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Difference Between ICO and STO

At first glance, initial coin offerings and security tokens perform a similar process by which an investor receives a cryptocurrency or…

At first glance, initial coin offerings and security tokens perform a similar process by which an investor receives a cryptocurrency or token representing their investment. But unlike an ICO coin or token, a security-token comes paired with an investment asset such as stocks, bonds, and funds.

However, there are many more differences between an ICO and an STO. Let’s take a look at them.

What is the difference between an STO and an ICO?

First of all, most ICOs are designed to handle funds in an unregulated environment. Many ICOs actually position their offerings as utility tokens to circumvent regulations. Most founders and various projects claim that they distribute tokens to access their decentralized applications (DApps) or proprietary platforms. The basic logic here is that the purpose of their coin is for use, not speculation. This reasoning allows ICO projects to avoid regulation and the necessary registration with the SEC or other strict regulators.

ICO and STO processes

STOs, on the other hand, are launched with regulatory governance in mind. They are registered with the necessary government agencies, meet all legal requirements and are 100% legal.

Hence, it is much easier to launch an ICO than an STO. An STO requires that all regulatory requirements are met. While anyone can start participating in an ICO (unless local law says otherwise), only fully compliant companies and accredited investors can sell and buy security tokens.

ICO and STO: pros

The advantages of an ICO include:

  • No barrier to entry for both buyers and sellers;
  • Tokens are distributed in a simple, automated way;
  • Teams can manage their funds the way they want;
  • If the price of the coin goes up and the team delivers, investors receive high profits and benefits to other users;
  • Some ICOs allow anonymous participation.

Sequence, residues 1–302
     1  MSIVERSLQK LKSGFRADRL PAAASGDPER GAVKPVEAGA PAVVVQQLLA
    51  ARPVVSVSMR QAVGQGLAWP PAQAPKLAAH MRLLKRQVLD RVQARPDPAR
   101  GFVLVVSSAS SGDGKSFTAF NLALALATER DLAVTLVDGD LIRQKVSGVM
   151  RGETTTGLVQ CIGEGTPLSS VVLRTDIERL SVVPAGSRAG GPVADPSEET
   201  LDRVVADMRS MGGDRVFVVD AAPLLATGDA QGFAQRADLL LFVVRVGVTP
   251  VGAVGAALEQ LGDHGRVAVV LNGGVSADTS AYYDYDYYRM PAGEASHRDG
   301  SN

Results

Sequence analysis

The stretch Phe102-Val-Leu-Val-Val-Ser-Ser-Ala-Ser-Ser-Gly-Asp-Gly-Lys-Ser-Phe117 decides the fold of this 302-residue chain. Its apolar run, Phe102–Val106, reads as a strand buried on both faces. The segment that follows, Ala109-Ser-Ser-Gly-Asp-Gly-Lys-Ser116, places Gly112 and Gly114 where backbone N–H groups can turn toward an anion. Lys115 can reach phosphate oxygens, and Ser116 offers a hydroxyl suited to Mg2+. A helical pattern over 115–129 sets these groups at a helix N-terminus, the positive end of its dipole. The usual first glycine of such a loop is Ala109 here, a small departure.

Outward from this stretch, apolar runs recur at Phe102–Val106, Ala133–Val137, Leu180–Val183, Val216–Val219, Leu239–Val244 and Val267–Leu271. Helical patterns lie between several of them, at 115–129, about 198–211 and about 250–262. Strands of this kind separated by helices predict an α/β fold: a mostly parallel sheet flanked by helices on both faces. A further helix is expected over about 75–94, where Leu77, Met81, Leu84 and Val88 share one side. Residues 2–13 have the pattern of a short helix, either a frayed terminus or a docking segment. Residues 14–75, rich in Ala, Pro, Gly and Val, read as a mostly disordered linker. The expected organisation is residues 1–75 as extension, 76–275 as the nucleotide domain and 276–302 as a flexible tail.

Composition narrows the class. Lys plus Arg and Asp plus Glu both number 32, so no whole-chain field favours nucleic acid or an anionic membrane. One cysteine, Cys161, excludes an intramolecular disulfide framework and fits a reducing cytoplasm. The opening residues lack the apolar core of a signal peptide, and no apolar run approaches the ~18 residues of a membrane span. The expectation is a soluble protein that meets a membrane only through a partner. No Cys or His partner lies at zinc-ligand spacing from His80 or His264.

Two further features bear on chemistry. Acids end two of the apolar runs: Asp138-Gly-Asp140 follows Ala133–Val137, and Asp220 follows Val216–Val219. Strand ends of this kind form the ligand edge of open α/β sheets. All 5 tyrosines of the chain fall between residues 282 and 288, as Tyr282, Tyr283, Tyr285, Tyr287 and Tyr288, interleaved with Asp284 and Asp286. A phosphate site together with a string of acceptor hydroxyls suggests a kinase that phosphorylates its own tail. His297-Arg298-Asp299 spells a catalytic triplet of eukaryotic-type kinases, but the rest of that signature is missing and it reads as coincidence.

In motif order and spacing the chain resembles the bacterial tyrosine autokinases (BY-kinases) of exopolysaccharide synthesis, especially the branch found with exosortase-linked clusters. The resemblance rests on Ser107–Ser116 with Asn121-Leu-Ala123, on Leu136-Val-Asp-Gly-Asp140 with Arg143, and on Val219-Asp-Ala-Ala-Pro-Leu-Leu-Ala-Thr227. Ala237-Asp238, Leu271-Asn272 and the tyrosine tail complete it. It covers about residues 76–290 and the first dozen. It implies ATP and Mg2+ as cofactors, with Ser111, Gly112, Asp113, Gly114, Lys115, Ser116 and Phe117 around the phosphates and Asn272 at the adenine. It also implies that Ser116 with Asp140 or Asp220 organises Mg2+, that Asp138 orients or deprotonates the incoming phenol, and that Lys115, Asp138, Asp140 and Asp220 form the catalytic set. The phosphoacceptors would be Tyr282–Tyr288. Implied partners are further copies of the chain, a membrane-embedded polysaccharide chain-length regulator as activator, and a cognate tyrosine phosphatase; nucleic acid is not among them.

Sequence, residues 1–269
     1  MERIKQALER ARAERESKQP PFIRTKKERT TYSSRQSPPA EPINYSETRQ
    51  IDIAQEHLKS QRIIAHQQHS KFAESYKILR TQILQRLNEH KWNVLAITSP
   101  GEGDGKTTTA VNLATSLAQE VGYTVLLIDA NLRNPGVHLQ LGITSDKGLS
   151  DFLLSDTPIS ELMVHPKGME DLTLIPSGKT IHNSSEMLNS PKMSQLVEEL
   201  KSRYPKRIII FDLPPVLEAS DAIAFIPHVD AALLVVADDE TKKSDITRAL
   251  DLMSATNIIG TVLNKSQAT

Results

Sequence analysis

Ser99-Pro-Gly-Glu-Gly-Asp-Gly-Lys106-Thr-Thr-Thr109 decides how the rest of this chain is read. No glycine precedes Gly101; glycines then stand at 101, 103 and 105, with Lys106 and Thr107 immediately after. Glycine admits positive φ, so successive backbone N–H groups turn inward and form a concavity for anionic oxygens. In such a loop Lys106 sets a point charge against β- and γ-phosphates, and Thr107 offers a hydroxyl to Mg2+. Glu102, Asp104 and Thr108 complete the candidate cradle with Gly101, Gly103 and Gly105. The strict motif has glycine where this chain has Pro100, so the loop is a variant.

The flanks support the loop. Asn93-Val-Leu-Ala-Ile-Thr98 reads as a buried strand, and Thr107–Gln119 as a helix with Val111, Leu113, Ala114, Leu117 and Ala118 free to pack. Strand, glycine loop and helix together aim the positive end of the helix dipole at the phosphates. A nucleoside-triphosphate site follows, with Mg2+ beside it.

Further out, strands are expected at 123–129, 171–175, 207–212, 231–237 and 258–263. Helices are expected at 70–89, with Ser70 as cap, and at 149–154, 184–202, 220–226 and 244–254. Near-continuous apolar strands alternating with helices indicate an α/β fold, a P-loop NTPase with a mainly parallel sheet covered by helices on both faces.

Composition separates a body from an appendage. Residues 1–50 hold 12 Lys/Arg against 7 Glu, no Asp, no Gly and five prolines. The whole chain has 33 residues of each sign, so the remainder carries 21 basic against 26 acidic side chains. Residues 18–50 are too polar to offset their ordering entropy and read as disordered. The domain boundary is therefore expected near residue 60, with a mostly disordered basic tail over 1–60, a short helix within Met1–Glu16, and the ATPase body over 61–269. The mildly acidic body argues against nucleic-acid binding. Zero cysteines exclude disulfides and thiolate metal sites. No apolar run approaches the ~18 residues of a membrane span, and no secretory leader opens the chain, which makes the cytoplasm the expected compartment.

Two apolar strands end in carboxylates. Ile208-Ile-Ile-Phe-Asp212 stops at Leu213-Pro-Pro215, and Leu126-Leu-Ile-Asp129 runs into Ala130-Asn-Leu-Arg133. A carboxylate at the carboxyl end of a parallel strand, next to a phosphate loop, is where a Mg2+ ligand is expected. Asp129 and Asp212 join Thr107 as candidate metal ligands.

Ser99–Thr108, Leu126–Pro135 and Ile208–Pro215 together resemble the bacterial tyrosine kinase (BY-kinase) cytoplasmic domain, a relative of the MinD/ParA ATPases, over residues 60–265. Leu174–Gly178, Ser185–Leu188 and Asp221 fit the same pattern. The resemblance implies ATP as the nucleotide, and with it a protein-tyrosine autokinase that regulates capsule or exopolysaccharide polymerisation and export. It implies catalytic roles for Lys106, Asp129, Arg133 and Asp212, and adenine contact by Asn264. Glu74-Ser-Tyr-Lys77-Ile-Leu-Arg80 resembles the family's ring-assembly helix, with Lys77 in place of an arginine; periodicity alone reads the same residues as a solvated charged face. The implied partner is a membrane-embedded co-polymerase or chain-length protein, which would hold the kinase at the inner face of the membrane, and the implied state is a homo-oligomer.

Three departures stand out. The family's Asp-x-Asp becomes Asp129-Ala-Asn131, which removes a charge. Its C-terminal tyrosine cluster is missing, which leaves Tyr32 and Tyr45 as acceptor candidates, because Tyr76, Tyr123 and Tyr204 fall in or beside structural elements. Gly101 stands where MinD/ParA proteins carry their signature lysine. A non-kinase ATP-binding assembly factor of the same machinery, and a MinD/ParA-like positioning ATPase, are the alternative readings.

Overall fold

Benefits of STO:

  • Investors actually purchase underlying assets that derive their value from something else;
  • 100% regulated offerings that ensure investor safety;
  • STO projects tend to be more mature and trustworthy than ICO projects;
  • STOs are experiencing significant growth while the number of ICOs is declining;
  • Security tokens are expected to be sold through brokers who are also monitored by regulators;
  • Security tokens are the next big step in the evolution of traditional finance;
  • Less speculation and market manipulation.

ICOs and STO: cons

The most obvious disadvantages of ICOs are:

  • High volatility and manipulation of cryptocurrency;
  • Low liquidity;
  • Uncertainty whether the product will be finalized and delivered as stated in the white paper;
  • Fraud, pump and dump schemes;
  • Unregulated space with lots of risks.

Minuses of STO:

  • Takes a lot of time, effort and money to get the green light from regulators;
  • Only for accredited investors;
  • May require a significant amount of money;
  • So far, the SEC has not approved a single Reg A + STO, and only allows institutional investors to participate.

ICO and STO: Comparison

Despite their differences, both ICOs and STOs are proven fundraising methods for blockchain and similar projects, and both have their pros and cons. You have to decide for yourself what you want to participate in.